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The Empathy Deficit: How the Government Has Marginalised and Demonised Asylum Seekers

Sam Bright and Sascha Lavin consider how successive administrations have tried to stop the nation from seeing asylum seekers as humans

Boat spotted in the English Channel. Photo: adp-news/Alamy

The Empathy DeficitHow the Government Has Marginalised and Demonised Asylum Seekers

Sam Bright and Sascha Lavin consider how successive administrations have tried to stop the nation from seeing asylum seekers as humans

The issues of immigration and asylum have been intertwined in recent years – a consequence of the political decision to cast all incomers as unwelcome and undesirable, in order to further a nationalist agenda.

As the UK looks for new ways to prevent asylum seekers from reaching our shores, the news last week revealed that at least 27 people had died in the Channel, trying desperately to find refuge in this country.

But amid this focus on the arrival of asylum seekers in Britain, the lives of those already living here have been neglected. When people arrive in the UK from war-torn states, often without their families, how do we treat them, and what sort of life can they expect?

Notably, new research from the Byline Intelligence Team shows that asylum seekers are twice as likely to be dispersed to areas that suffer from racial tensions. Indeed, asylum seekers in England are twice as likely to be housed in areas with the highest rate of hate crime reporting. There are approximately 12 asylum seekers for every 10,000 people in the 10 police force areas with the highest offence rates for race hate crime, compared with a national average of six out of 10,000.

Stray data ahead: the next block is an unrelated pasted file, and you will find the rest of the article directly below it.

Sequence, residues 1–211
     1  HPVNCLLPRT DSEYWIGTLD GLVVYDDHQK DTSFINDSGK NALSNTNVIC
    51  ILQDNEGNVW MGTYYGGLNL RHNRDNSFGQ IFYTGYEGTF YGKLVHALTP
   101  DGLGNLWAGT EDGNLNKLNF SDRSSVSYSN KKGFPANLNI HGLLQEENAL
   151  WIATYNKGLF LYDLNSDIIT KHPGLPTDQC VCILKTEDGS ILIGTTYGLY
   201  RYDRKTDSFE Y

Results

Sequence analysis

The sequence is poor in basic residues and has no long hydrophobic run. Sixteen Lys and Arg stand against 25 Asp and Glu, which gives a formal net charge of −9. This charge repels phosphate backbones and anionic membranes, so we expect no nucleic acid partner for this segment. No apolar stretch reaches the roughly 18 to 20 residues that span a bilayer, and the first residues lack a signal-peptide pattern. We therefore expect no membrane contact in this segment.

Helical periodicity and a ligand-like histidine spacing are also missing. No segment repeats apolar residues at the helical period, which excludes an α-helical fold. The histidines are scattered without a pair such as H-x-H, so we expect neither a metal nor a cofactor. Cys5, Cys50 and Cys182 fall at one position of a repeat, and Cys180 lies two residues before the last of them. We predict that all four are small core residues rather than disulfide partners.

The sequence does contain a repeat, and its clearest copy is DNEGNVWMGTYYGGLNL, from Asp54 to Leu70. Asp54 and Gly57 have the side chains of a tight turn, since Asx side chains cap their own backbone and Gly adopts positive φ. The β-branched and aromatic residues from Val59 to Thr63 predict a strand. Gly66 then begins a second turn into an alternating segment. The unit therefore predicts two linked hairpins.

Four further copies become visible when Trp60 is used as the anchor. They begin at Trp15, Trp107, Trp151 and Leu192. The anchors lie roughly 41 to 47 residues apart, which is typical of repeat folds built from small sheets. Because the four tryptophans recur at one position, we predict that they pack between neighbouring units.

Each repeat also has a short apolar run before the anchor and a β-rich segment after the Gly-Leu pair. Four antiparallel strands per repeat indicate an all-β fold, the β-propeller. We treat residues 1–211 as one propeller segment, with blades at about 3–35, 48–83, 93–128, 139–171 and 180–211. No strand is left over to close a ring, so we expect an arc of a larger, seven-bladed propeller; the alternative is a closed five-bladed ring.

What’s more, the largest number of Prevent referrals related to far-right extremism last year were in the north east of England, the region with the highest intake of destitute asylum seekers. 

Shams, an asylum seeker who has requested that his country of origin not be shared for security reasons, has called Darlington his home for four years. But his new home hasn’t always been welcoming.

“When you look different to the locals, or you speak different, there will always be people who look at you funny or ask you questions like ‘what are you doing here?’. You feel uninvited, you don’t feel like you belong here,” he told Byline Times.

However, Shams doesn’t blame the local people. He believes that the Home Office should do more to help asylum seekers to integrate in their new country. “If the system can support us half as much as the way that [charitable] organisations are supporting people seeking sanctuary in the UK, I think things will get better”, he says

This is echoed by Jason Hussein, a project manager at Justice First – a charity that supports asylum seekers living in the north east, including Shams. “Where you have small communities, suddenly people coming in with different faces scares them. It’s just the unknown isn’t it? And often the wider public aren’t being educated by the Government. There needs to be responsible messaging,” he told Byline Times.

Both Jason and Shams stress that a vast number of people are welcoming towards asylum seekers – but that little is done to encourage the sharing of experiences between local residents and their new neighbours.